In early 2022, the General Directorate of Cadastral Affairs finished work to restore damaged real estate documents for some real estate zones in Arbeen, part of the Douma district in the Rural Damascus governorate. In that process to restore documents, some Administrative Restoration decisions were issued, in addition to one Judicial Restoration decision.
Law No. 23 of 2017, which regulates how to restore lost or damaged real estate documents, defines restoration as a set of administrative and judicial steps that end with issuing approved replacement documents or completing missing sections of existing documents. The law outlined two different methods for this process: administrative restoration and judicial restoration. Administrative restoration applies when there are sufficient documents available with the concerned Cadastral Affairs department to restore the lost or damaged document. But if those documents are fully damaged and there are no copies or other records available with the General Directorate of Cadastral Affairs or other government entities, then judicial restoration is pursued.
In a radio interview in September 2022, the General Director of Cadastral Affairs explained that if a given series of real estate transactions can be linked to documents available with the directorate without any missing information, then restoration can be done directly. Afterwards, administrative restoration of the damaged documents can be announced in the relevant area. But if some of these documents are missing, then the case is referred to the judiciary for the judicial restoration process.
The Rural Damascus cadastral affairs director told the semi-official Al-Watan newspaper in September 2019 that, of 898 real estate records in Arbeen, 310 were missing. Consequently, the documents held by the General Directorate of Cadastral Affairs and some government agencies have been relied upon, in order to implement the administrative restoration of those lost records.
This process makes sense, as the central office of the General Directorate of Cadastral Affairs in Damascus periodically makes copies of real estate documents in its sub-directorates in the governorates, in order to store them in the capital on microfilm and digital cameras, according to official statements. There is also a central warehouse in Damascus dedicated to storing these copies, as well as a set of microfilm copies kept at the Central Bank of Syria.
To address issues about the strength and authenticity of certain documents, Law No. 33 of 2017 states that copies stored electronically or on microfilm have the same evidentiary value as the original documents.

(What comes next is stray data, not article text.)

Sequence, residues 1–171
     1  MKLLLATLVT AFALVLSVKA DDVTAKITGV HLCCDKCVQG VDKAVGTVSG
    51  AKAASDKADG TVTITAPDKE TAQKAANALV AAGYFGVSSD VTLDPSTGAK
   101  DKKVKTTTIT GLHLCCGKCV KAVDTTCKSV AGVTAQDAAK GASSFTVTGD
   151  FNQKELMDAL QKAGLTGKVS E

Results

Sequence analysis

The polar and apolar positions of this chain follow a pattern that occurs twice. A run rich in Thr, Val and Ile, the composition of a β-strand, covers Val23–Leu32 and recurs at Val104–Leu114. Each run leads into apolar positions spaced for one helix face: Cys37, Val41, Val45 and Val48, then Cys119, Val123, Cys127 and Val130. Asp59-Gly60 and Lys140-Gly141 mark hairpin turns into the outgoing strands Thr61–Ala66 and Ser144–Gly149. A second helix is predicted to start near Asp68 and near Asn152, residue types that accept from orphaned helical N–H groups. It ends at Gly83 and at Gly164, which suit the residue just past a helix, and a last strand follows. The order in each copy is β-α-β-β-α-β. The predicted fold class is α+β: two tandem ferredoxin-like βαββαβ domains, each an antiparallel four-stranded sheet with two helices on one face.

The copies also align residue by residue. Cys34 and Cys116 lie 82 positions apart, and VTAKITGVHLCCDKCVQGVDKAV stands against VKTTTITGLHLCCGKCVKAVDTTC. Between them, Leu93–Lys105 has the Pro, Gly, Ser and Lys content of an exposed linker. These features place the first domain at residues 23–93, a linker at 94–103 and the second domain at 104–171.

Original real estate documents are those mentioned in Article 1 of the Land Registry Law, issued as part of Decree No. 188 of 1926. Under the law, the Land Registry is a set of documents that shows the description and legal status of each real estate property, as well as any rights, amendments or transactions connected to that property. Those amendments and transactions must be recorded on the Land Record for the properties in question. The law also mandates that responsible parties record the date and time for their real estate transactions on these Records.
It is unclear if microfilm and electronic copies of these Records show all the amendments and transactions, including sales, purchases, lawsuits and other notes. Also among the documents that comprise the Land Registry are a number of complementary records, which in turn include many pages. The ownership registry book is the main record entry. There is also the 200-page journal book, which lists the registration requests and transactions by date and type and assigns each a serial number.
This lack of clarity — over whether microfilm and electronic copies contain full details of amendments and transactions — in turn impacts the reliability of the administrative restoration process, which relies on documents available at the General Directorate of Cadastral Affairs. In other words, depending on this central archive in Damascus may not sufficiently provide information on all transactions. There is no certain answer over whether Land Registry officials have transferred all those transactions from the original journal book to the ownership registry book, whether there is an electronic or microfilm copy of the journal book or when the last record was added. This is on top of doubts surrounding the mechanisms for building, preserving and managing the central archive and to what extent it keeps up with the pace of real estate documentation.
Law No. 33 of 2017 also stipulates that a website be set up for restoring real estate documents, with the goal of informing the public on the procedures for implementing the law. However, this website has yet to appear, despite the administrative and judicial restoration processes having been completed in more than one area — raising additional concerns for the housing, land and property rights of absent, detained, missing and forcibly displaced property owners in particular.